Beware the Quicksand

In Relationships by Mark Lutz

Share on Facebook0Tweet about this on Twitter0Share on Google+0Email this to someone

There are lots of nice folks in the world who care about other people and are willing to get involved and lend a helping hand in times of trial. Here is a parable about those people.

An explorer walking in the jungle fell into some quicksand. The first person to come upon him and see his plight, was deeply moved and plunged into the quicksand with him. Holding the explorer tightly, the would-be rescuer spoke encouraging words of positivity and hopefulness to the explorer. The result of his compassionate efforts was that there were now two people slowly sinking into the quicksand.

The next person to come that way saw the two and tried to help by throwing sticks to them from a long, safe distance away. Some of the sticks simply sank into the quicksand around the two. Other sticks actually hit the two men on top of their heads causing injury in addition to their plight of being stuck in quicksand. The two struggling men were no safer.

A third person happened upon the scene. Seeing two men in peril and another throwing sticks at them, the last fellow decided to get a branch, a very long and sturdy branch. Standing at the edge of the quicksand, on firm ground, he reached the branch out to the two sinking men and pulled them to safety.

I know people who’ve gotten themselves into bad situations, kind of like quicksand. I’m talking about the kind of deal where a person makes a bad decision and there are negative consequences. The person’s reaction to the painful consequences is to make more bad decisions. Those of course are followed by more negative consequences. In spite of consistent negative consequences, the person seems resolute in his or her commitment to making bad decisions.

I also know the temptation to jump head long into their drama. It’s really strong when you care deeply for someone and they’re about to suffer real pain. Long ago I gave into the temptation regularly. I felt that I had to if I were to be a caring friend. I had the added pressure of being a Jesus representative. So into the quicksand I would dive. This is what happens when people with a mercy gift but no competency in relational boundaries attempt to help someone with deep emotional, spiritual problems. The helper can get drawn into the drama and both can become overwhelmed.

After getting burned and burned out several times over I quit jumping into other people’s drama. I did what many people do when they still care but are tired of being sucked into chaos and pain. In fact my ministry training prepared me very well to do this kind of intervention. I was trained to lob theological doctrines at people from a safe, detached emotional distance. The doctrines were true, but without a personal, relational delivery, truths ring hollow. People need mentors/disciplers who can model how to apply life principles in real circumstances. Using Scripture to stay at an emotional arm’s length usually ends up creating little sustained change in the person.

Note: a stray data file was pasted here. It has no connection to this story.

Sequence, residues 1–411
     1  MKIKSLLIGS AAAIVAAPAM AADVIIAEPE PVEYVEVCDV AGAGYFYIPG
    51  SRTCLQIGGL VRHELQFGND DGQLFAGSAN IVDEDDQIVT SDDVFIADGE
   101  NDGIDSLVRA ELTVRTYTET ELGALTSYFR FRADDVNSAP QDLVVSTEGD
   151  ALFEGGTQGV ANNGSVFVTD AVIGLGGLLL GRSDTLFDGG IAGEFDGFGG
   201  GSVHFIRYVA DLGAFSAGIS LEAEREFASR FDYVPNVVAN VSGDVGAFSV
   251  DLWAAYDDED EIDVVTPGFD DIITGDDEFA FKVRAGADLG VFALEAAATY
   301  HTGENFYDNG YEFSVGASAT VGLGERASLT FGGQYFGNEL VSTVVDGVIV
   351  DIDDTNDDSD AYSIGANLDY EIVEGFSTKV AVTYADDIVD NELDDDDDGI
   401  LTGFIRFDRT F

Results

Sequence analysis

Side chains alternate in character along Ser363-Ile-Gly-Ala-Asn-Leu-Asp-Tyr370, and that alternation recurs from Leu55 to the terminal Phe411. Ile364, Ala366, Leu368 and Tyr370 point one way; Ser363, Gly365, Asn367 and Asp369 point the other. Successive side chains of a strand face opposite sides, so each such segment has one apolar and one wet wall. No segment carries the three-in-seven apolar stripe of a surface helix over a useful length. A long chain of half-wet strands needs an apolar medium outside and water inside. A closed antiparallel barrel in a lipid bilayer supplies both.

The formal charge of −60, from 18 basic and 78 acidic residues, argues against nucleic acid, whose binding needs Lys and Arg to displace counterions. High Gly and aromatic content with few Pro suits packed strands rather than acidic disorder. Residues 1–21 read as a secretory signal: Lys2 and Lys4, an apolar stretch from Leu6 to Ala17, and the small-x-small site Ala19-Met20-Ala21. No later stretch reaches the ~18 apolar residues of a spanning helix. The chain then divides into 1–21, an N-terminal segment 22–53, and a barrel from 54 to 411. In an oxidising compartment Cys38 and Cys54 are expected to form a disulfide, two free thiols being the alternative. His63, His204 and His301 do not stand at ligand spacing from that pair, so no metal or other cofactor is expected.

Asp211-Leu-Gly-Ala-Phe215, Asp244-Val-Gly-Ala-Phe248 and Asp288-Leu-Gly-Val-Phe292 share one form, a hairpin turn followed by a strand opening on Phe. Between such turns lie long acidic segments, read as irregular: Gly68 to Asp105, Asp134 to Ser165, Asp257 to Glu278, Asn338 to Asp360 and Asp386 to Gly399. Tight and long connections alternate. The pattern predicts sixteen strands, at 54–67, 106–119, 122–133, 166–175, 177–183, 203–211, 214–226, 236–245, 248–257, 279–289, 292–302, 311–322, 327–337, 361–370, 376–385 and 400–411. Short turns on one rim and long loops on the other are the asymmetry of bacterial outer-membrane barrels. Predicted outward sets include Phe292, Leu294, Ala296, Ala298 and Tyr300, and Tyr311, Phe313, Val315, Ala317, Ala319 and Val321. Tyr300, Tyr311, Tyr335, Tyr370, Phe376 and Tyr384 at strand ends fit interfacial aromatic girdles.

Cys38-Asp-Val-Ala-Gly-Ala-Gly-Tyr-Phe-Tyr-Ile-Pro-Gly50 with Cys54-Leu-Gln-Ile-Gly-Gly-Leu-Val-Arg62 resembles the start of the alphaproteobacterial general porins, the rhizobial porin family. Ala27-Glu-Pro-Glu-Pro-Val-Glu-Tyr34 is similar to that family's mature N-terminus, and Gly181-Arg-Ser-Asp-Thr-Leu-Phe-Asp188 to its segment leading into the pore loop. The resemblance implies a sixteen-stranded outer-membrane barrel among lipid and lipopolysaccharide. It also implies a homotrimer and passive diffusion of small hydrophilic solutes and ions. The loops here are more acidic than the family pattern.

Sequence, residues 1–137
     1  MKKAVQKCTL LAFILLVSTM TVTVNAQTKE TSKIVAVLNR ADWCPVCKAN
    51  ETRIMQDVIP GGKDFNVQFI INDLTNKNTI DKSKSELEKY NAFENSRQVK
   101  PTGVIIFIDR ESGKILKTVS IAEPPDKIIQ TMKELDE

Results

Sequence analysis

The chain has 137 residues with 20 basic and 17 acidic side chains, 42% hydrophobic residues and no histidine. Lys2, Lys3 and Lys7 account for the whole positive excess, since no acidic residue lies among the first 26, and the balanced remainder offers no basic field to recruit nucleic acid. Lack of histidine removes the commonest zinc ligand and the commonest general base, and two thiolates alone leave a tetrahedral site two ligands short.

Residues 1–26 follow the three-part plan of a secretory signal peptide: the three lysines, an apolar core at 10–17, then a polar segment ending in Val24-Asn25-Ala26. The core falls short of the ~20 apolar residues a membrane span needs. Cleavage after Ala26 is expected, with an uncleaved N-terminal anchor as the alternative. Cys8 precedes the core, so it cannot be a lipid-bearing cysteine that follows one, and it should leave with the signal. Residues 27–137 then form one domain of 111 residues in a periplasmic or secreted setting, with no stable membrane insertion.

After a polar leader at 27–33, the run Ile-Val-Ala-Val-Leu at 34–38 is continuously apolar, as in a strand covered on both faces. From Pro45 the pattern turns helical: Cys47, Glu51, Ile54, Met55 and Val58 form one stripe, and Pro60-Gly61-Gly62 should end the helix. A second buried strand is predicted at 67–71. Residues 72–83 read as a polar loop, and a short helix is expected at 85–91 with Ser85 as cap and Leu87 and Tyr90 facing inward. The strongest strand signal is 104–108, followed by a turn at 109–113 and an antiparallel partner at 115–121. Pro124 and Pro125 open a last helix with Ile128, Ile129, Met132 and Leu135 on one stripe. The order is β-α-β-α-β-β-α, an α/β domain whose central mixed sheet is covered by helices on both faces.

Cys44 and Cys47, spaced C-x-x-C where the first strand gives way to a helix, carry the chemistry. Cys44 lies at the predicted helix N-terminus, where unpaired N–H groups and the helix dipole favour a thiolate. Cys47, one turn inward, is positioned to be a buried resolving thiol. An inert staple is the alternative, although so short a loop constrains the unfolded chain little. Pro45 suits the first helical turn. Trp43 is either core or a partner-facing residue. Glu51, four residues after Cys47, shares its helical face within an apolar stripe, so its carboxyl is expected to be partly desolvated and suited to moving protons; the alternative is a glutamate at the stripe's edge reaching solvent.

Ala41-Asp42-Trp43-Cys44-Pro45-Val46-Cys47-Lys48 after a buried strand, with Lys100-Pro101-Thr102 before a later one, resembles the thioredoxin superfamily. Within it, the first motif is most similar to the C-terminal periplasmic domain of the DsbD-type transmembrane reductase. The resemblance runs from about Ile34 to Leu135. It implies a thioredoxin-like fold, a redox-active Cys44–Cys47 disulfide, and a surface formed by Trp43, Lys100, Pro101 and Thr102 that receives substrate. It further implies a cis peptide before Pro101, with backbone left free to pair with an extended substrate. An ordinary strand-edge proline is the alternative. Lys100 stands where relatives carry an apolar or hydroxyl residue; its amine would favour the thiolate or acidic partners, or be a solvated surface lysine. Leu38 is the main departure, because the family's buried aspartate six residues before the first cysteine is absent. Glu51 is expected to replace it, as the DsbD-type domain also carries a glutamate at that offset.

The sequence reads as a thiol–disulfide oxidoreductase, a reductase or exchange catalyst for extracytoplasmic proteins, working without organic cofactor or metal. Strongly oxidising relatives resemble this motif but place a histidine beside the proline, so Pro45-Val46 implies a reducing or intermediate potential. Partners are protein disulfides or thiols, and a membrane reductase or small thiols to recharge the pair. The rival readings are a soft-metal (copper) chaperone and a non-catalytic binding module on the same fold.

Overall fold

It’s a real trick keeping healthy boundaries so as not to get dragged into another’s dysfunctions but drawing close enough to their heart to be able to connect with and assist them. Most of us were not born with the knowledge and skill to be able to do this. Many of us have never been shown how to do this. I recommend doing two things to equip yourself to be helpful to people you care about, take a listening class and read a book on Boundaries.

I’ve had lots of people tell me they were great listeners. Most of them were deluded. Most of us relying on what comes natural to us, at best, listen just enough to be able to form an instruction or correction to what people are telling us. Or we listen just enough to be able to hijack their story to tell a story from our life that we think will show we understand what they’re going through. Neither one of those feels very satisfying for someone looking for connection in a difficult time. It takes great restraint and some skill to be able to accurately reflect back to a person what we hear them saying. And most people just don’t do it.

Henry Cloud and John Townsend wrote the seminal book on Boundaries. It turns out that not only are most of us born without a firm grasp on what makes for good relational boundaries, but most of us have had early life experiences that have confused the issue of boundaries. If you’ve ever had someone tell you how you should think or feel, make decisions for you that were yours to make, entered your emotional or physical space without permission and told you it was love, you’re going to be confused about healthy boundaries. Reading and learning about boundaries and, better yet, reading a book with friends you can discuss your ideas with is very helpful. You’ll know where the quicksand of someone’s drama ends and where the firm ground of your responsibility to people begins. You’d be able to draw close enough to extend your caring and your wisdom through a conversation that’s heavy with listening.

So to all you kind, merciful people out there—care, but beware the quicksand.

Photo (Flickr CC) by david

Share on Facebook0Tweet about this on Twitter0Share on Google+0Email this to someone
The following two tabs change content below.
Mark Lutz

Mark Lutz

Having studied ministry at Cincinnati Christian University and counseling at Xavier University, Mark has served nearly two decades at the Vineyard Cincinnati Church, blending the two disciplines. As the Pastor of Growth & Healing, Mark has overseen the recruitment, training and supervision of lay leaders who staff the many support/recovery groups the church offers. His role has allowed him a vantage point for observing the intricacies of people and the complicated lives they lead.
Mark Lutz

Latest posts by Mark Lutz (see all)